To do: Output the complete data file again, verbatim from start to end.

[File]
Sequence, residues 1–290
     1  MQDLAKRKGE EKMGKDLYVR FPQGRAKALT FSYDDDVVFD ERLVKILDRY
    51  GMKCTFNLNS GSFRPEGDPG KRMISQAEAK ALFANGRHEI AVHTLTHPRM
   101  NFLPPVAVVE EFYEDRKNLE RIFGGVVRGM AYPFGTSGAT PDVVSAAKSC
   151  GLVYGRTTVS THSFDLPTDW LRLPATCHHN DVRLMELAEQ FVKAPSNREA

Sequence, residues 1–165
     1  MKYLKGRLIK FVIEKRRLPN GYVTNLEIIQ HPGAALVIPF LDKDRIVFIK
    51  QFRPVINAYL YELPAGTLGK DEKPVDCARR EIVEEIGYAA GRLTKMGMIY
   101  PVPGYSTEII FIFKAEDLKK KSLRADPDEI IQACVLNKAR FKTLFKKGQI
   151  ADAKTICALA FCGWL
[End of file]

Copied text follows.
Sequence, residues 1–290
     1  MQDLAKRKGE EKMGKDLYVR FPQGRAKALT FSYDDDVVFD ERLVKILDRY
    51  GMKCTFNLNS GSFRPEGDPG KRMISQAEAK ALFANGRHEI AVHTLTHPRM
   101  NFLPPVAVVE EFYEDRKNLE RIFGGVVRGM AYPFGTSGAT PDVVSAAKSC
   151  GLVYGRTTVS THSFDLPTDW LRLPATCHHN DVRLMELAEQ FVKAPSNREA

Sequence, residues 1–165
     1  MKYLKGRLIK FVIEKRRLPN GYVTNLEIIQ HPGAALVIPF LDKDRIVFIK
    51  QFRPVINAYL YELPAGTLGK DEKPVDCARR EIVEEIGYAA GRLTKMGMIY
   101  PVPGYSTEII FIFKAEDLKK KSLRADPDEI IQACVLNKAR FKTLFKKGQI
   151  ADAKTICALA FCGWL